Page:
Friday, February 11, 2011

Decision day for elite pre-schools, just another day for the rest of America

Anyone who harbors any teensy lingering doubt that America has become one of the most class-divided societies on the planet clearly doesn't know any affluent city dwellers.

Because then they'd know that today, in New York City, a certain set of parents are drinking vodka before 9 a.m., popping Ativan, breathing into paper bags and generally ripping their expertly coifed hair out over admissions letters.

Not letters from Yale or MIT or Stanford, silly.

From kindergarten. And pre-school.

They've whipped themselves into fits of apoplexy, because they've been made to believe that if Junior gets denied by the top-tier pre-schools, he can kiss Princeton bye bye. The pre-schools play to such insecurities; many of them proudly list the colleges their "alumni" go on to attend. And this is not some crazy New York thing. While Manhattan may have the most intense pre-school competition, the phenomenon exists in other cities and affluent suburbs.

I have a friend who jokes that she's morphed into a professional pre-school applier. Her family plans to relocate from Boston to New York this year. She has been flying back and forth with her three-year-old to attend tours, parent interviews, child interviews and school-mandated play dates at twelve prestigious pre-schools. Why so many? Because the odds are daunting.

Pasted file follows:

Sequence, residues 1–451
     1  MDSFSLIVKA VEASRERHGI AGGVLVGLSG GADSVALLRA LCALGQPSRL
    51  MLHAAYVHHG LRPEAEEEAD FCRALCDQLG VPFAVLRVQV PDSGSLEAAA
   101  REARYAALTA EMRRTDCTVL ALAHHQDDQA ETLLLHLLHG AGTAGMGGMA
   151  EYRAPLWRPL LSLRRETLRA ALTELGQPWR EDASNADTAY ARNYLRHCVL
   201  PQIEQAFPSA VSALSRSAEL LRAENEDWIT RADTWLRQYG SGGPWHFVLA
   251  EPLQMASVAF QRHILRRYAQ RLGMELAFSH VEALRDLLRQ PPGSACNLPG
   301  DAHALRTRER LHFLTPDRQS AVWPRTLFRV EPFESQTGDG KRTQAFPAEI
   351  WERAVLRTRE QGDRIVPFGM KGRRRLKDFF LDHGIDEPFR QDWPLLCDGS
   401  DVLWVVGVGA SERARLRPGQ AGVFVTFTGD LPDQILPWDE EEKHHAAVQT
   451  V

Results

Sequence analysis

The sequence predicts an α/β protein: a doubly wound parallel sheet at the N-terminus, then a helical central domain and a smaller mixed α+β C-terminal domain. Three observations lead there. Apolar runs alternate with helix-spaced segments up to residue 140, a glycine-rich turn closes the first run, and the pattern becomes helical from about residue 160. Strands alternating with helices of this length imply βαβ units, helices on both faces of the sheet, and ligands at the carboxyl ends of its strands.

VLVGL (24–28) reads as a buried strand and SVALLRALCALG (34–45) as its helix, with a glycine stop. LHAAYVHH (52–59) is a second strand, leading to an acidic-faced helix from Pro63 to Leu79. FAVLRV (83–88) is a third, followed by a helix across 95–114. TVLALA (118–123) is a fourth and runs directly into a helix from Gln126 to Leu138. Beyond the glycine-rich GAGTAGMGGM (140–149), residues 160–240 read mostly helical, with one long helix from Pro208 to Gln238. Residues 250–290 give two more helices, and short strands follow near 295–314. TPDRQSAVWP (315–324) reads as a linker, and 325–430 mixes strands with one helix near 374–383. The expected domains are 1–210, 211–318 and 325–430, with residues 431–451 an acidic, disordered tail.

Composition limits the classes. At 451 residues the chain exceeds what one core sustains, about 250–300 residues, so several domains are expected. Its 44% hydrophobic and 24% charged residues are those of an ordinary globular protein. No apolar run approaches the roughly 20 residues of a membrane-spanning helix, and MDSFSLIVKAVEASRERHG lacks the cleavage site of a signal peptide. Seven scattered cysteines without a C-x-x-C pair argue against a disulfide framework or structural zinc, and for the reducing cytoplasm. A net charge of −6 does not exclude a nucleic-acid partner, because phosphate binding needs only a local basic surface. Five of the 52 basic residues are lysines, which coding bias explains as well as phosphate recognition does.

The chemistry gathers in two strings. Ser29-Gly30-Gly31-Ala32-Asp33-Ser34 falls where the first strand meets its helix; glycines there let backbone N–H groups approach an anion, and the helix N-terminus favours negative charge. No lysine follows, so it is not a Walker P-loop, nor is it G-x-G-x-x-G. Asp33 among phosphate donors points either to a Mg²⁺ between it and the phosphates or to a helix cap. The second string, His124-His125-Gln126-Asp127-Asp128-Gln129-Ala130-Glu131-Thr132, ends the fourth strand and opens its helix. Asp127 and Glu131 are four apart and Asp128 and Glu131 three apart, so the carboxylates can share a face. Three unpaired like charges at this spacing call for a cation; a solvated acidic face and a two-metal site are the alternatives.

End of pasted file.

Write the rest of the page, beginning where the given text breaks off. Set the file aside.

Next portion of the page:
What did she have to do to get to this phase of the process? Answer absurd essay questions such as, "If your child is in a room full of other three-year-olds, how would you tell a stranger to identify him without mentioning any of his physical attributes?"

Hint: Do NOT say he'll be the one in the corner by himself, eating paste.

Some of these schools have three or four open slots for September, and they'll choose their students from a pool of hundreds of applicants.

Friends, vague acquaintances and even complete strangers often ask what I'm going to do about the Grape's schooling. When I tell them I don't know yet, I'm met with incredulous looks.

Which I (kind of) understand. Many of my contemporaries have made the decision to fork over between $16,000 and $23,000 a year for pre-school tuition. They don't want to hear that law school didn't cost that much when I graduated. This set is acutely aware of the price of higher education. What these prospective pre-school parents desire is peer validation that they've made a reasonable investment decision.

And I can't fault them for that. They want to secure the best possible education for their children. As do I. So I haven't ruled any options in or out for the Grape.

One thing I think I'll do is enter him in the public school lottery. Among Boston's hundred and some elementary schools, three stand head and shoulders (and possibly torso) above the rest in terms of academics, facilities and quality of programming. Every year, the city holds a lottery to see which lucky kids will get to attend these stand out schools.

The idea of public school appeals to me; many of the elite private schools lack diversity and I'm loathe to bring the Grape up in a total bubble. But not so loathe that I'd send him to a typical Boston public school.